___ And coughing drowns the parson’s saw,
And birds sit brooding in the snow,
___ And Marian’s nose looks red and raw,
When roasted crabs hiss in the bowl,
Then nightly sings the staring owl,
________ To-whoo;
To-whit, to-whoo, a merry note,
While greasy Joan doth keel the pot.

~ William Shakespeare (1564–1616)
From “Love’s Labor ’s Lost,” Act V. Sc. 2

FreeThinke said...

________ TWO by FROST ________

There's a patch of old snow in a corner

That I should have guessed

Was a blow-away paper the rain

Had brought to rest.

It is speckled with grime as if

Small print overspread it,
he news of a day I've forgotten ––

If I ever read it.

~ Robert Frost (1874-1953)

_ Dust of Snow _

The way a crow
Shook down on me
The dust of snow
From a hemlock tree

Has given my heart
A change of mood
And saved some part
Of a day I had rued.

~ Robert Frost (1874-1963)

FreeThinke said...

____ The Snow Storm ____

No hawk hangs over in this air:
The urgent snow is everywhere.
The wing adroiter than a sail
Must lean away from such a gale,
Abandoning its straight intent,
Or else expose tough ligament
And tender flesh to what before
Meant dampened feathers, nothing more.
Forceless upon our backs there fall
Infrequent flakes hexagonal,
Devised in many a curious style
To charm our safety for a while,
Where close to earth like mice we go
Under the horizontal snow.

~ Edna St. Vincent Millay (1892-1950)

-FJ said...

Your poems rest in good company, FT.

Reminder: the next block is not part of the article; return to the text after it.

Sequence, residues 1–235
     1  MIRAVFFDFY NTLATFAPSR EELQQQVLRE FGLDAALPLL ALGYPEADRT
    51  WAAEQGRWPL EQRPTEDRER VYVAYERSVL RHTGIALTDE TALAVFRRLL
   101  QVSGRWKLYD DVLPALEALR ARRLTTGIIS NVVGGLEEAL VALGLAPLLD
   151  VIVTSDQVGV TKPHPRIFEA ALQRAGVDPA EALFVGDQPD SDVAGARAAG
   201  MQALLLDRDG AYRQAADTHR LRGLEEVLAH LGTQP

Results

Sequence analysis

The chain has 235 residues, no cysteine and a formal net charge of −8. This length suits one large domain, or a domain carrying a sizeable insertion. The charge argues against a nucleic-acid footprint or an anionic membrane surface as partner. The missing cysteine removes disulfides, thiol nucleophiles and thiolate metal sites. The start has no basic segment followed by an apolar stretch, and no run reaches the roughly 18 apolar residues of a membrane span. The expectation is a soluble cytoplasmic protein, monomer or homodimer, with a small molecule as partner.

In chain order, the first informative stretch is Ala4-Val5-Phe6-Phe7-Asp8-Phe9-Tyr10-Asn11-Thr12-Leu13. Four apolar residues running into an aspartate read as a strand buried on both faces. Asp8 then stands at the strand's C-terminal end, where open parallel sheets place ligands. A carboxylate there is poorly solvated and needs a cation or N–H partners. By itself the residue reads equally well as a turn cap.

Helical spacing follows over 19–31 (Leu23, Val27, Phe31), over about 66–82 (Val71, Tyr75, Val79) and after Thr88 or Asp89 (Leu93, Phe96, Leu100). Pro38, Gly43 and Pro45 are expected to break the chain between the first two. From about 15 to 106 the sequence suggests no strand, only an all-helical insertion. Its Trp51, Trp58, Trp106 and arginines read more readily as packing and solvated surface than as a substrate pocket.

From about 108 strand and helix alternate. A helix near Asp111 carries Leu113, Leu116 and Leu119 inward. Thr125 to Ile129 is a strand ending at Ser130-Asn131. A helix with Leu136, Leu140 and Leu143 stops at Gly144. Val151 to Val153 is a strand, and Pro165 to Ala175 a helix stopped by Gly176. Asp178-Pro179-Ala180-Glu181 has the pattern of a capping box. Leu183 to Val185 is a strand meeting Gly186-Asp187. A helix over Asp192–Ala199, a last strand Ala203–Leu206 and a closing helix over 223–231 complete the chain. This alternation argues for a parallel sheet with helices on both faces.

FreeThinke said...

Snow White and the Seven Dwarfs


No matter what life you lead
the virgin is a lovely number:
cheeks as fragile as cigarette paper,
arms and legs made of Limoges,
lips like Vin Du Rhône,
rolling her china-blue doll eyes
open and shut.
Open to say,
Good Day Mama,
and shut for the thrust
of the unicorn.
She is unsoiled.
She is as white as a bonefish.

Once there was a lovely virgin
called Snow White.
Say she was thirteen.
Her stepmother,
a beauty in her own right,
though eaten, of course, by age,
would hear of no beauty surpassing her own.
Beauty is a simple passion,
but, oh my friends, in the end
you will dance the fire dance in iron shoes.
The stepmother had a mirror to which she referred--
something like the weather forecast--
a mirror that proclaimed
the one beauty of the land.
She would ask,
Looking glass upon the wall,
who is fairest of us all?
And the mirror would reply,
You are the fairest of us all.
Pride pumped in her like poison.

Suddenly one day the mirror replied,
Queen, you are full fair, 'tis true,
but Snow White is fairer than you.
Until that moment Snow White
had been no more important
than a dust mouse under the bed.
But now the queen saw brown spots on her hand
and four whiskers over her lip
so she condemned Snow White
to be hacked to death.
Bring me her heart, she said to the hunter,
and I will salt it and eat it.
The hunter, however, let his prisoner go
and brought a boar's heart back to the castle.
The queen chewed it up like a cube steak.
Now I am fairest, she said,
lapping her slim white fingers.


FreeThinke said...

Snow White and the Seven Dwarfs


Snow White walked in the wildwood
for weeks and weeks.
At each turn there were twenty doorways
and at each stood a hungry wolf,
his tongue lolling out like a worm.
The birds called out lewdly,
talking like pink parrots,
and the snakes hung down in loops,
each a noose for her sweet white neck.
On the seventh week
she came to the seventh mountain
and there she found the dwarf house.
It was as droll as a honeymoon cottage
and completely equipped with
seven beds, seven chairs, seven forks
and seven chamber pots.
Snow White ate seven chicken livers
and lay down, at last, to sleep.

The dwarfs, those little hot dogs,
walked three times around Snow White,
the sleeping virgin. They were wise
and wattled like small czars.